1986 to 1990
Darrin has a very interesting, varied and stimulating work history. He left school in 1990 after the 7h Form and joined the 1st Battalion Royal New Zealand Infantry Regiment (1 RNZIR) where he completed his training at Linton Camp, Palmerston North and completed exercises overseas – Australia and Malaysia.
From 1997-1999 Darrin joined the 2nd Regiment Etrangere de Parachute which is an airborne regiment of the French Foreign Legion – (military service wing of the French Army). It is part of the 11th Parachute Brigade and the spearhead of the French Rapid reaction force. He was in the 4th Company which specialises in demolitions and snipers. Darrin was attached to the demolition platoon, and was taught demolitions which included target selection and the formulas involved in choosing the amount and shape and placement of the charge needed to destroy the target. Also he was taught how to fall out of a plane, he did a radio course where he was taught Morse code and advanced encryption. He was deployed for operations in Tchad which the French Army uses as a stepping stone for operations in Africa.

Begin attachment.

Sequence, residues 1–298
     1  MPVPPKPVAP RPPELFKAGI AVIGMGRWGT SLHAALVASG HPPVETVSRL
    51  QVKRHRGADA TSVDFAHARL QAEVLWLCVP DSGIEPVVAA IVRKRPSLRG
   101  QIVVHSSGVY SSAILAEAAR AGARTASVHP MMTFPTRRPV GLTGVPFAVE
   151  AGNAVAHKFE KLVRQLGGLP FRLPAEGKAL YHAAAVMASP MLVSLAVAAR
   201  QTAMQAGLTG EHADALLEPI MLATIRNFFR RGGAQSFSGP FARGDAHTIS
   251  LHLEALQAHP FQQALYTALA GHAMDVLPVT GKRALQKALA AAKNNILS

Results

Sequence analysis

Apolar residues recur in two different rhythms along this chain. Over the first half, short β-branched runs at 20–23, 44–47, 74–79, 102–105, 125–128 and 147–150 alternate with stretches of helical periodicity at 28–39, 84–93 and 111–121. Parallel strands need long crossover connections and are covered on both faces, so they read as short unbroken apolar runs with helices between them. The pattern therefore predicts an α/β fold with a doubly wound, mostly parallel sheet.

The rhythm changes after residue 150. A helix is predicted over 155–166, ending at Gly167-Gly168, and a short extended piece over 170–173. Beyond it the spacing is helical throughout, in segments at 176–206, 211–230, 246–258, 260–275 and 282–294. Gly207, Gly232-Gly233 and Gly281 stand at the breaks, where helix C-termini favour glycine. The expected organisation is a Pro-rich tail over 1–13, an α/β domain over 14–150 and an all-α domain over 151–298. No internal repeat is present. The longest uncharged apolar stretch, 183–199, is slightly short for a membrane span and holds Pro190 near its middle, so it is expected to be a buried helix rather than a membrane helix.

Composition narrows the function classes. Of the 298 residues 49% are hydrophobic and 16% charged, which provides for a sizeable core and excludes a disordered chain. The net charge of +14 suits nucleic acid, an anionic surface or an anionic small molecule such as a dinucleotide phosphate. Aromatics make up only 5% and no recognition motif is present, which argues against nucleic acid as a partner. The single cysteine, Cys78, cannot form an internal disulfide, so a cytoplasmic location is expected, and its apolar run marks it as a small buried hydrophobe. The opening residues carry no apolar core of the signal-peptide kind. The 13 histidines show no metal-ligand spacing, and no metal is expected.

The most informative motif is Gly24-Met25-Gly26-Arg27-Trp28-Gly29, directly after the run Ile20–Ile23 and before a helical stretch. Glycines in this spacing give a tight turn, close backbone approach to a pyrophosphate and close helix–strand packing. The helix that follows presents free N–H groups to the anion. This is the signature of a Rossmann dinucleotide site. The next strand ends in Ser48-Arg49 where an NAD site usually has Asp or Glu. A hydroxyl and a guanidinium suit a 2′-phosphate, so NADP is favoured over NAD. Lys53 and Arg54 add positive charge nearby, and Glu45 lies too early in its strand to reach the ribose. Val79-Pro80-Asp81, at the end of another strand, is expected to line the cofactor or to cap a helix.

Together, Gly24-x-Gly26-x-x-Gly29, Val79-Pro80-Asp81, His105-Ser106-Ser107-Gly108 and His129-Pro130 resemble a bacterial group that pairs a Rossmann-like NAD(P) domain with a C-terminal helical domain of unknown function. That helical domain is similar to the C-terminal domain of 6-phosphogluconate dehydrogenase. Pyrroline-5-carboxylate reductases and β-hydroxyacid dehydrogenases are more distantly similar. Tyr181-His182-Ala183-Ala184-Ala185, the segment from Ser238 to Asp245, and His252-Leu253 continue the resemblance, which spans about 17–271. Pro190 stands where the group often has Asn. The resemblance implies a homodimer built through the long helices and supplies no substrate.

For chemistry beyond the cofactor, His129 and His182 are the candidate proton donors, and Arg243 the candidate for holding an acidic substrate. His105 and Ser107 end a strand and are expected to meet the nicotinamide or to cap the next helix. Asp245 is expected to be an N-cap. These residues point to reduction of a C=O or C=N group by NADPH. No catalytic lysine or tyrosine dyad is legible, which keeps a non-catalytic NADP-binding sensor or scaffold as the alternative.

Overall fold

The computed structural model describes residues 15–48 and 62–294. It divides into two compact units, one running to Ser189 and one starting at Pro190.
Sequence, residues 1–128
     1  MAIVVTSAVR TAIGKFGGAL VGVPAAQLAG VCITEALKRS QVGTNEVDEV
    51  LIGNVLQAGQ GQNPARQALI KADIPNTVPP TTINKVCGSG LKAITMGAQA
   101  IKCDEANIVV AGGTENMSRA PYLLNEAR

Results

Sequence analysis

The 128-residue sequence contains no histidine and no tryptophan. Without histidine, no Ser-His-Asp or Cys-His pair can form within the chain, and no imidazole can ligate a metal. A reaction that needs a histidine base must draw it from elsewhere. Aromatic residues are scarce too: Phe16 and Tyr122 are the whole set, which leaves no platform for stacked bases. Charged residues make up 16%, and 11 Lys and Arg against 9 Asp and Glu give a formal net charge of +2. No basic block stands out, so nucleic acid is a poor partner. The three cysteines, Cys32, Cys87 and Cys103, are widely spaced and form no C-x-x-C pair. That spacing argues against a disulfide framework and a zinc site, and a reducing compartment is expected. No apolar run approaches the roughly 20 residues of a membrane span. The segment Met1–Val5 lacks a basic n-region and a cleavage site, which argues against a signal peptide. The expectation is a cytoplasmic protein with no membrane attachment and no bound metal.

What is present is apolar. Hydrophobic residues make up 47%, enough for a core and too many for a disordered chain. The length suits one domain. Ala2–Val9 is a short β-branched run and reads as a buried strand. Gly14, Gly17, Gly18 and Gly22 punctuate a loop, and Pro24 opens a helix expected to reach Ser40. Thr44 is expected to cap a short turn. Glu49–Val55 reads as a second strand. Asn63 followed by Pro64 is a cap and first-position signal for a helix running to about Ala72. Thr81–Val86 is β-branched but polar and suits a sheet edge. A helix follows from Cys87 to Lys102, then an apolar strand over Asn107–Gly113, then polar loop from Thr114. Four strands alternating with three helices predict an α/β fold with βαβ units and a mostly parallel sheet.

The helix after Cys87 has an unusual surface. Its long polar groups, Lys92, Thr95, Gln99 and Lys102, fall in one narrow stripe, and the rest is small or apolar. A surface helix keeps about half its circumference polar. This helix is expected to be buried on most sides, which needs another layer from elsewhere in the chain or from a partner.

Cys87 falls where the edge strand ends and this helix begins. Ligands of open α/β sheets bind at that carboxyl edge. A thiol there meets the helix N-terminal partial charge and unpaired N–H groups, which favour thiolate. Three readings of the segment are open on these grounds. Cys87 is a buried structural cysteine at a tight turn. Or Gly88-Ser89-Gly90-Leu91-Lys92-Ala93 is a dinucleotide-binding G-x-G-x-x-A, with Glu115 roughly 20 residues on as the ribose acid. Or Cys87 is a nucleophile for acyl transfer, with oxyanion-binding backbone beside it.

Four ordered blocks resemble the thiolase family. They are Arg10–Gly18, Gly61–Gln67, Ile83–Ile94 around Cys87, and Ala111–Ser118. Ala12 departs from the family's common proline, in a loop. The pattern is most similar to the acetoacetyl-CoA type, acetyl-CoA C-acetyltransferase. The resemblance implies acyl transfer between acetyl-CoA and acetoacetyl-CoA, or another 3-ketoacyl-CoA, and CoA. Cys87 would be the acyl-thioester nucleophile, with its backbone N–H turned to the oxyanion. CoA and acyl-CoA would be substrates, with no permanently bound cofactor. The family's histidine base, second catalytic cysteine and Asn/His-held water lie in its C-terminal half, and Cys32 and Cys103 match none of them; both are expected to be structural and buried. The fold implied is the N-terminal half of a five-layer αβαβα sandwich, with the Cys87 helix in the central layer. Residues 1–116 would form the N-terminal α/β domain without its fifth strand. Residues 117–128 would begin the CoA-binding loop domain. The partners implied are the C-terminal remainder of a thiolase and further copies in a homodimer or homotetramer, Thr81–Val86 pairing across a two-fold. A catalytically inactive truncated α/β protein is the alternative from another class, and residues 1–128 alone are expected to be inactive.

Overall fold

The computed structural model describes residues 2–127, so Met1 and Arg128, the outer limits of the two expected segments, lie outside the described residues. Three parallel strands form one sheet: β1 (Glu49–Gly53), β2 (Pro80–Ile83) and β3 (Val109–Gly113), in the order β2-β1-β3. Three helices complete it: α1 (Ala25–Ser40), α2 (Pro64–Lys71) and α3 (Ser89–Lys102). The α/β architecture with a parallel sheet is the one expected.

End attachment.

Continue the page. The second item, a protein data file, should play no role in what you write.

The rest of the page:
Darrin then moved on to South Africa in 1999 and worked for Protrack. Protrack is an Anti-Poaching Unit established in 1992 and was the first private anti-poaching unit in South Africa.
The Protrack unit is manned by young people with a passion to stop the slaughter of wildlife in South Africa . Here he learned how to track, and stop poachers in the private game sector. He enjoyed this in the sense that he got to see the wildlife close up. They worked in 2-man teams so it was easier to move silently.
Darrin then had a complete change of heart and returned to France where he worked in miscellaneous bars and nightclubs in France. Currently he part-owns and runs two restaurants in Paris.
During his time in France he has played professional rugby league for a season for Nanterre and also played in the French amateur league side.
Interestingly Darrin credits Matamata College with making himself a better person. He has come to this conclusion after spending time with lots of different cultures and nationalities. He realised that at school he was taught a lot of useful information, whereas other people he was worked with had only learnt how to pass their tests!!